Speaking of Goodwyn, I’ve already mentioned that he broke the single-game Division 1 record for kick return yards.  Evans became the first Monarch to return a kickoff for a touchdown, which he did against Savannah State.  With Goodwyn and Evans back, return kickoffs should be another positive for the Monarchs’ special teams.
Hopefully we’ll be kicking off to opponents more than the other way around, which would indicate that we’re scoring more than they are.  After a solid 2009 season, Drew Hareza suffered an injury in summer camp.  This opened a window for then-redshirt freshman Jarod Brown to take over.  While Wilder gave Hareza a chance, he struggled with kickoffs and only went 1-3 in field goals.
This is as perfectly I've ever timed a photograph to capture what I sought.
Brown had a fairly successful 2010 season, going 12-16 on field goal attempts.  He connected on a 48-yarder in the season finale against NCCU, and missed only one of eleven attempts less than 40 yards.  He’s pretty much entrenched as the kicker heading into 2011, as Hareza left the team this offseason.  Other specialists include kicker Dustin Burdick and punters Orion Hall and Josh Williams.  Unless Plisco or Brown is injured, don’t expect to see much of these players in 2011.
Don't be surprised to see an onsides kick at any point against any 2011 opponent.  In 2010 the Monarchs opened games against Savannah State and NCCU with onsides kicks.  They recovered the first five onsides kicks they attempted while recovering all their opponents' attempts.  Part of that was the element of surprise; CAA coaches are going to notice that trend and be more prepared this season.  Still, going five-for-five is not a bad rate of recoving onsides kicks. 
And finally, we would be remiss if we did not discuss the unit's ability to block kicks.  Edmon McClam set a Division 1 record by blocking three PAT's in the 2009 opener against Chowan; this also tied the FCS record for all types of kicks.  He blocked two more PAT's that season to set the FCS record for most blocked PAT's in a single season.  He added a sixth career blocked PAT last season.  Additionally the team blocked two punts against Hampton last season, helping ODU establish a 21-7 lead.  The blocked punts propelled the team to a 28-14 lead.  This is a sign of good special teams coaching.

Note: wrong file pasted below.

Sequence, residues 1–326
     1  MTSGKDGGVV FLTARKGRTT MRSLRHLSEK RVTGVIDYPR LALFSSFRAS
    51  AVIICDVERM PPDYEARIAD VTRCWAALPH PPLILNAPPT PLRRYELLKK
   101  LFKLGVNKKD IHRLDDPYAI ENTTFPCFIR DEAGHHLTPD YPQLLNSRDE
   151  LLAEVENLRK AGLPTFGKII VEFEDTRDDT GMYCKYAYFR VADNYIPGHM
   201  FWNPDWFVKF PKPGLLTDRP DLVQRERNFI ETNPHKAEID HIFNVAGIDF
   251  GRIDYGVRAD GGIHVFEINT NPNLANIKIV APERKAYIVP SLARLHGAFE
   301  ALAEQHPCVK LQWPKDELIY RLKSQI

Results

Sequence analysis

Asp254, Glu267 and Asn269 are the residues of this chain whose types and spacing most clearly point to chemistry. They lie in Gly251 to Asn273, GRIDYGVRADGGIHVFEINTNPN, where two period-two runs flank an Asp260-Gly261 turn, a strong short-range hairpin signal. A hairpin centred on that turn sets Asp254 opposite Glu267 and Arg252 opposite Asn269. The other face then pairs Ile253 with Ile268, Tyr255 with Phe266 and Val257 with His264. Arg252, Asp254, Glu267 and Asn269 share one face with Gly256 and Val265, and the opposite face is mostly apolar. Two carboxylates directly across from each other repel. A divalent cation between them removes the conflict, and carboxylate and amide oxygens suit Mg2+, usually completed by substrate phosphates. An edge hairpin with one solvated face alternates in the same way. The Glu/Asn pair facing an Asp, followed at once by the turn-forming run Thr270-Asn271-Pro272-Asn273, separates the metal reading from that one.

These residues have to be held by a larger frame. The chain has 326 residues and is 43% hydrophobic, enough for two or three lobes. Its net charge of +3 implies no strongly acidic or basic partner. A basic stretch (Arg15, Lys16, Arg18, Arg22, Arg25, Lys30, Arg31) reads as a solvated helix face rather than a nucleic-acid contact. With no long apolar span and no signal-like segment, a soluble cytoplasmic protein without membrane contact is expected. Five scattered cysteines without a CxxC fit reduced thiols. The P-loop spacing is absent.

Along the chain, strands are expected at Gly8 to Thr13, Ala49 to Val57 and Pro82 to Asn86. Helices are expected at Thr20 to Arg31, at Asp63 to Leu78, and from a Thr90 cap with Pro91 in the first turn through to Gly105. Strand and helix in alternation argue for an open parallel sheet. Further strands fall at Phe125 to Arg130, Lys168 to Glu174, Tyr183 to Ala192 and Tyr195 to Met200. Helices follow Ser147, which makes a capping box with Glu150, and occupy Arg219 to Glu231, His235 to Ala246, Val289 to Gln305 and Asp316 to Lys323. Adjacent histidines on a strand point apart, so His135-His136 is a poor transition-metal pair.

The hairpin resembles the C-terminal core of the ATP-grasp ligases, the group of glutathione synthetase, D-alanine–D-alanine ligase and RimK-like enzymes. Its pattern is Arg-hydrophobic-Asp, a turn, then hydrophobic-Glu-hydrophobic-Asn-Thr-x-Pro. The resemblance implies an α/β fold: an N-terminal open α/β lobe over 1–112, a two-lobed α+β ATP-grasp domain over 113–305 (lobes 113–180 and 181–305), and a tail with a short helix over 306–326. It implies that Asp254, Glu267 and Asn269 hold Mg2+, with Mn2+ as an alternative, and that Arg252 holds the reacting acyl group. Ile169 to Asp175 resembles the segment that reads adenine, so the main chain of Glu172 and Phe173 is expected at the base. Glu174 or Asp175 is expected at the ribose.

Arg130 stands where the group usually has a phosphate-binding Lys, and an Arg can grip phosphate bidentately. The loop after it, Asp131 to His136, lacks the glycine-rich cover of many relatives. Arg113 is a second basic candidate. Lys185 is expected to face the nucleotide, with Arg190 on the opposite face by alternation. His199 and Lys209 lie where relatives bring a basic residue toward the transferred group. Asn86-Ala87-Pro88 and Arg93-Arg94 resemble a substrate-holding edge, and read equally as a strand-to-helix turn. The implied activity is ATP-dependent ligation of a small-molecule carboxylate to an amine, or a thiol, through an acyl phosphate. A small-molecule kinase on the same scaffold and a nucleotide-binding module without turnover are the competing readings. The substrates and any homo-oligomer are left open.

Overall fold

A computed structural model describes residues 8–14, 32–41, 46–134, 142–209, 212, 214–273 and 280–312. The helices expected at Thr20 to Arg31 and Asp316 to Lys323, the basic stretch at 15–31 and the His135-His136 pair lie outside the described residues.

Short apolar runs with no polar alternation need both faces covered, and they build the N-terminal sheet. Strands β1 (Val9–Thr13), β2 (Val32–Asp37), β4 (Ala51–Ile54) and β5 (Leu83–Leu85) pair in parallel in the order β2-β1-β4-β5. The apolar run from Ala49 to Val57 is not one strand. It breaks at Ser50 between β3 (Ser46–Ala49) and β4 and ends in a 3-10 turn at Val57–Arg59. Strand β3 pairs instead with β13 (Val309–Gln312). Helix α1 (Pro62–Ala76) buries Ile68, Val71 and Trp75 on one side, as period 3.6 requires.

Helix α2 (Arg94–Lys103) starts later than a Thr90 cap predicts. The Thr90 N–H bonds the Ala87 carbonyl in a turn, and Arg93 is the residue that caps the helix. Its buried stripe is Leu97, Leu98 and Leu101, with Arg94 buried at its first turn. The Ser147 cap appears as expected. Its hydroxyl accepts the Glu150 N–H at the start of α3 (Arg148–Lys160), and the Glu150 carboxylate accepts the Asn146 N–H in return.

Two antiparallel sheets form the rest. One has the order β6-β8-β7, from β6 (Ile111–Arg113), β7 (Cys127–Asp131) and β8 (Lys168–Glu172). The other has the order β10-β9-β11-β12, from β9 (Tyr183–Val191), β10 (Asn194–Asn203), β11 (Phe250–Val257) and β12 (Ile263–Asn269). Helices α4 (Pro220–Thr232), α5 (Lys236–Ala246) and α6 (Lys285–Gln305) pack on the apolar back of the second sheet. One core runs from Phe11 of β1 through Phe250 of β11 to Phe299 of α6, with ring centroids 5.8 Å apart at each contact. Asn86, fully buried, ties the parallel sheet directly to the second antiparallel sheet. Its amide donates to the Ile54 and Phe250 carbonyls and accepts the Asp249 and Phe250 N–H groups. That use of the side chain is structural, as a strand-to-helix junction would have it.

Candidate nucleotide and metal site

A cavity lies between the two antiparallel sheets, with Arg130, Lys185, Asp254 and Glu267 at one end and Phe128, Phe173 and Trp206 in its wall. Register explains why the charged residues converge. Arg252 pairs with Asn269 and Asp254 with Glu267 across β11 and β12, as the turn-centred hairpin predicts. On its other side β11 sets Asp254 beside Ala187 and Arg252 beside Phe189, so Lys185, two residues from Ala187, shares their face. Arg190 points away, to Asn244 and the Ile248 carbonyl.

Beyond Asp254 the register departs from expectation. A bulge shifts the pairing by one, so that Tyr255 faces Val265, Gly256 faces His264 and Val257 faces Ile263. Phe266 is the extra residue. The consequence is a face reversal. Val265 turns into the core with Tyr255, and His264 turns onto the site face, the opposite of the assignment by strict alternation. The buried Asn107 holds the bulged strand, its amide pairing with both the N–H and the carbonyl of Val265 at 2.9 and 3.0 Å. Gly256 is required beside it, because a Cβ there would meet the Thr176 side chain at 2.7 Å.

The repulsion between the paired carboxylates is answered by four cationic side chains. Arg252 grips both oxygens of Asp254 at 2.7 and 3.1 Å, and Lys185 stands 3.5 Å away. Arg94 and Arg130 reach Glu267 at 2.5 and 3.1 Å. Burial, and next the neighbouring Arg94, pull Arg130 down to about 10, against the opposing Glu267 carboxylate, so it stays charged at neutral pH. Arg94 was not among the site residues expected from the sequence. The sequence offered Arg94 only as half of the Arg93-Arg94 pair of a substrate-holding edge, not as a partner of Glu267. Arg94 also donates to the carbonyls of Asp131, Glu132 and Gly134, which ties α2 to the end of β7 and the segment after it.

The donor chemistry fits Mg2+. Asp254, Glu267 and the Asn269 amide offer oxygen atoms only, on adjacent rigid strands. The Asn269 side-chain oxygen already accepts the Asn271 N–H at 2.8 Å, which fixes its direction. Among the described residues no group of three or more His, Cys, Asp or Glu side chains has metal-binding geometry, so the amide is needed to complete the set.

Old Dominion is set at quarterback.  It’s nice going into our first CAA season with a two-year starter entering his third year in the same system.  Nate Ong should be a capable backup, while phenom Taylor Heinicke hopefully gets to redshirt this season.  Whoever the QB is, don’t expect many passes thrown towards tight ends.  They may be used more in goal line situations than they were in previous seasons, but they are not primary targets on most plays.  The special teams position will be a strength again for the Monarchs, and could help us win a conference game or two.
In my next post we’ll compare the best of the Monarchs against the best of the CAA.  Cliffhanger – we’re actually in decent shape for a three-year program…